Thibodaux could be the home of some new, flashier billboards in a few months.

The City Council unanimously approved a new sign ordinance Tuesday that entirely replaces the old code, making way for digital billboards to replace some of the existing, traditional vinyl billboards. Council President Chad Mire was absent from the meeting.

After over an hour of public debate and concerns over the viability of electronic signs, the council voted to adopt the new ordinance but asked the city administration not to issue permits for digital signs for 90 days.

Mayor Tommy Eschete agreed to the terms.

The council hopes the 90-day stall will give time for the city’s sign committee to meet again, with more public input, and discuss possible amendments to the newly approved ordinance.

The new ordinance makes other changes, including the rules for  temporary sign, which signs are allowed in each zoning district and the penalties and enforcement.

Marguerite Knight Erwin, the committee’s chairwoman, said the group’s goal was to make the ordinance easier to understand and to enforce and to “remove some of the clutter we’ve got inside of the city.”

Eschete repeatedly commended the committee for its work, saying the members did the best job possible.

Despite all of the other changes, the addition of digital billboards was the biggest concern for many residents at Tuesday's meeting. Digital signs were not allowed under the previous ordinance.

Under the new rules, companies wishing to put up a digital billboard can only do so if they remove four existing traditional billboards.

All permits for traditional billboards are also now capped. Permits will only be issued to relocate existing signs, not to put up any new ones.

All existing signs will be grandfathered in, meaning they won't have to be changed to conform to the new rules.

Erwin and Brett Moreaux, a committee member and owner of Bayou Signs, said these changes will reduce the number of billboards in the city over time.

There are currently 67 billboards in the city limits. According to the new permit exchange rule, at most, 16 digital signs could be built, Erwin said.

Each digital sign costs around $150,000, Moreaux said.

“We put a lot of time and effort into it,” Moreaux said. “It’s well rounded, and should work for everyone.”

Many city residents asked the council to delay approving the ordinance, however.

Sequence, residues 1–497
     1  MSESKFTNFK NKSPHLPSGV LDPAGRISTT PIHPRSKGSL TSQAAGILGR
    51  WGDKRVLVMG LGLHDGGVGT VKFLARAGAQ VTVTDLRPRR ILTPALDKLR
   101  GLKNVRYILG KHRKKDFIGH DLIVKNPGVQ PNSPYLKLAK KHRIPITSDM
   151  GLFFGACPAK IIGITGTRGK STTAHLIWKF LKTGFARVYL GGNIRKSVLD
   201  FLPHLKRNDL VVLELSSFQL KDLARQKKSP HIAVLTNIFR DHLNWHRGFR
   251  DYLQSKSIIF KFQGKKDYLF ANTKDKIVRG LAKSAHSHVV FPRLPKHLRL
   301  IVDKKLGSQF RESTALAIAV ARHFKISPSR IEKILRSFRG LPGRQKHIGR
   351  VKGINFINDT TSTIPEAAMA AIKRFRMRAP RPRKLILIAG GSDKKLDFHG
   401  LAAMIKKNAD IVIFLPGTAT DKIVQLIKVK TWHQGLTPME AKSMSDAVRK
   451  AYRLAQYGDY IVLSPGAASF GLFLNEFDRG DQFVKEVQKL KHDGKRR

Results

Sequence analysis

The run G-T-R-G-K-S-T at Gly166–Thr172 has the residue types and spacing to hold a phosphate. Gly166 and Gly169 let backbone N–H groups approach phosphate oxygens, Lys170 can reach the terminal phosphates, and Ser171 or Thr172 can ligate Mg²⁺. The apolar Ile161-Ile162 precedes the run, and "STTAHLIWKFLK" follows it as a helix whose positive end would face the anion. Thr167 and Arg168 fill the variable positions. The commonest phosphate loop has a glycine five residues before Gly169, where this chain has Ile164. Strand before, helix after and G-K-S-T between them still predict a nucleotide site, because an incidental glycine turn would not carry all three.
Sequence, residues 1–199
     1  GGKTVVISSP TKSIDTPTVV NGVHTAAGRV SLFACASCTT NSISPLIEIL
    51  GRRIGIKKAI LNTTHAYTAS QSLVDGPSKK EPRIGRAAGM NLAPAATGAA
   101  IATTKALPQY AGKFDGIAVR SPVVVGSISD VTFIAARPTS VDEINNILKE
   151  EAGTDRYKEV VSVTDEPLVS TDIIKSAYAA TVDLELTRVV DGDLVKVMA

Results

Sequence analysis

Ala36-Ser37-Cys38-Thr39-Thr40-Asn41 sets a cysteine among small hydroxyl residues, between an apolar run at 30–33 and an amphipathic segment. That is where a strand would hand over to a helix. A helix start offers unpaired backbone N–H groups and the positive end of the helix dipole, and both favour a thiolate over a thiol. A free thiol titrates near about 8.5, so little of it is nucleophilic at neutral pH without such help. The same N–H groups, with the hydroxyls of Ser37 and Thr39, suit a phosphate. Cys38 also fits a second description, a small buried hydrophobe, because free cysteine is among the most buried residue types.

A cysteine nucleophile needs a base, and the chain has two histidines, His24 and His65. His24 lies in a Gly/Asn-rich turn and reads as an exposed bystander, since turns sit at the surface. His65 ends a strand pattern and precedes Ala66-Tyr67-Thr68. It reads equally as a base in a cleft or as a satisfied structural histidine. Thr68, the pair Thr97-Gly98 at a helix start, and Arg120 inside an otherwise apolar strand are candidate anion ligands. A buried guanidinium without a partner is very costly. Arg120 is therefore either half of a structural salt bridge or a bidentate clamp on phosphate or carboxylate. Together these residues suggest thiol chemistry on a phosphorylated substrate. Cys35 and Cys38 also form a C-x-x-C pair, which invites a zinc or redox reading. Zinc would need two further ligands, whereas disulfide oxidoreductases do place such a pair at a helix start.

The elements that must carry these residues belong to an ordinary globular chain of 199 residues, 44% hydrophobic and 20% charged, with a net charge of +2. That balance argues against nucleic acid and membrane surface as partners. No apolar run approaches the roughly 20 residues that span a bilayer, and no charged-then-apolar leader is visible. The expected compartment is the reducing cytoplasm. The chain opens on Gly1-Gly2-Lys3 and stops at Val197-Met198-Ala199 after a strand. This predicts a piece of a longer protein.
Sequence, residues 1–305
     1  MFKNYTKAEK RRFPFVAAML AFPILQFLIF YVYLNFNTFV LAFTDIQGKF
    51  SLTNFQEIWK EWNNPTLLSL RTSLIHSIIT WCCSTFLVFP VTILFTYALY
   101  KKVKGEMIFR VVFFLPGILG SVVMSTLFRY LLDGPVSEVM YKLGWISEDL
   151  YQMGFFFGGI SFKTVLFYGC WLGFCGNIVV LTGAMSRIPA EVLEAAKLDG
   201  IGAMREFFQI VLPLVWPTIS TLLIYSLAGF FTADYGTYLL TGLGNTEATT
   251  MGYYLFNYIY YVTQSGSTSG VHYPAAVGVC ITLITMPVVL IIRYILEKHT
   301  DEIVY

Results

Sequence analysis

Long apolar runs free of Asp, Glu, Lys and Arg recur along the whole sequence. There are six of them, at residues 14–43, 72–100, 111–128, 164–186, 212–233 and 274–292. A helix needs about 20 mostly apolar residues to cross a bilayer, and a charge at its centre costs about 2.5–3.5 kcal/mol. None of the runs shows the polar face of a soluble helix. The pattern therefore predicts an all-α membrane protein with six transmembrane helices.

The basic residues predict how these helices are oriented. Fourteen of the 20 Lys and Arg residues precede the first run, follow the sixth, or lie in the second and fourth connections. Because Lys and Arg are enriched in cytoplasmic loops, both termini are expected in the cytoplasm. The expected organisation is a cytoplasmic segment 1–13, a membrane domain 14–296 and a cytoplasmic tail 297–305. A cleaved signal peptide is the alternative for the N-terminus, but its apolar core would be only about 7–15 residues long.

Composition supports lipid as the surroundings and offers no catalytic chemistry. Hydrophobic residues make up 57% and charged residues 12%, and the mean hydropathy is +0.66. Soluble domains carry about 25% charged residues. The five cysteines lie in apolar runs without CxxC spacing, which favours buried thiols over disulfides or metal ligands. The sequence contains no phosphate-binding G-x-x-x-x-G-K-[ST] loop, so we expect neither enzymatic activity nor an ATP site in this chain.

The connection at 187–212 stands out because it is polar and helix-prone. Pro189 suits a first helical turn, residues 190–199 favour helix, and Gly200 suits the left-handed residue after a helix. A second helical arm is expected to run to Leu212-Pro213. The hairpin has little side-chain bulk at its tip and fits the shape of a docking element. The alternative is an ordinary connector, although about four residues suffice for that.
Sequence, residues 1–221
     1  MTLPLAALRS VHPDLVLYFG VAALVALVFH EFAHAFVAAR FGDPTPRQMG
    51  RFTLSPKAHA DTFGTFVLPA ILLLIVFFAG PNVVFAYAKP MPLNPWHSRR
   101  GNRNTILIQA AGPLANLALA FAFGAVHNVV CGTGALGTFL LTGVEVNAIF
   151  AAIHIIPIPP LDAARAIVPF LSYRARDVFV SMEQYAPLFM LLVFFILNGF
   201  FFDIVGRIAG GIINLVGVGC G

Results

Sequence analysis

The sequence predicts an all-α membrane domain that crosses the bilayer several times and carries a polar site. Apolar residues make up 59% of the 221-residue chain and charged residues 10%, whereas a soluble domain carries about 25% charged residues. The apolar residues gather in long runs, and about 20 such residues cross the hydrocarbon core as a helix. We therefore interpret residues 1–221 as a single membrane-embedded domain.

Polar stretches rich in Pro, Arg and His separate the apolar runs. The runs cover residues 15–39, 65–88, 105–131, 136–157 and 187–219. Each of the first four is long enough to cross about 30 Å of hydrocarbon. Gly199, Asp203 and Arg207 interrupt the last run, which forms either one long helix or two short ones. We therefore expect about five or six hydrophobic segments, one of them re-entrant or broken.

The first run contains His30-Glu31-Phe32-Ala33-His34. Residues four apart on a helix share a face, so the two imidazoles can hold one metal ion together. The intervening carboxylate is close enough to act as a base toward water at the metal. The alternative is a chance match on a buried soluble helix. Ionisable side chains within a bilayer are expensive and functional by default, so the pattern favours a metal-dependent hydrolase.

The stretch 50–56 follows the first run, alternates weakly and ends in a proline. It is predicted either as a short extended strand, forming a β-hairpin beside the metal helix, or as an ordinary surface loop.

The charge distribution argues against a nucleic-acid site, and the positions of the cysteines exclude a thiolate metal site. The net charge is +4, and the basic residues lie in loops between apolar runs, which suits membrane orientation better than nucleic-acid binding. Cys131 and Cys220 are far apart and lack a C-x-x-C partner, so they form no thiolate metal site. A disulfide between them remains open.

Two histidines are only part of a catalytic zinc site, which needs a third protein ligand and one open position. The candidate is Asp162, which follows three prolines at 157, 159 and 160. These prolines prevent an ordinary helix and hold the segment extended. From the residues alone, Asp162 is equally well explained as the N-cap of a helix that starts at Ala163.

John Lafargue, a former member of the city’s historic commission, called parts of the new ordinance “vague,” contained errors and said there should be more restrictions on where the digital billboards can be placed. He and other members of the public asked for a study before any changes are made.

Eschete said the city cannot afford a study, which would cost $80,000, and the committee did a better job than an outside planner would have.

Other members of the public said digital signs would pose safety concerns, and billboards are outdated forms of advertising. Some were concerned that if the digital billboards go up but didn’t work or caused issues, there is no way to remove them.

Councilwoman Constance Johnson was preparing to remove the section of ordinance regarding digital signs as an olive branch to the concerned residents but instead offered the 90-day permit freeze.

The council also unanimously approved several amendments to the proposed ordinance: reinstating separate provisions for the size of political signs between residential and historical properties, and those in commercial or industrial areas; outlining the definition of a sign; including recommendations for the size of a flag relative to the size of the pole; and placing real estate and school spirit signs in a separate section.

Although approved by the council, the new ordinance will not take effect for at least 30 days due to publishing requirements, Eschete said after the meeting.

Staff Writer Julia Arenstam can be reached at 448-7636 or julia.arenstam@houmatoday.com. Follow her on Twitter at @JuliaArenstam.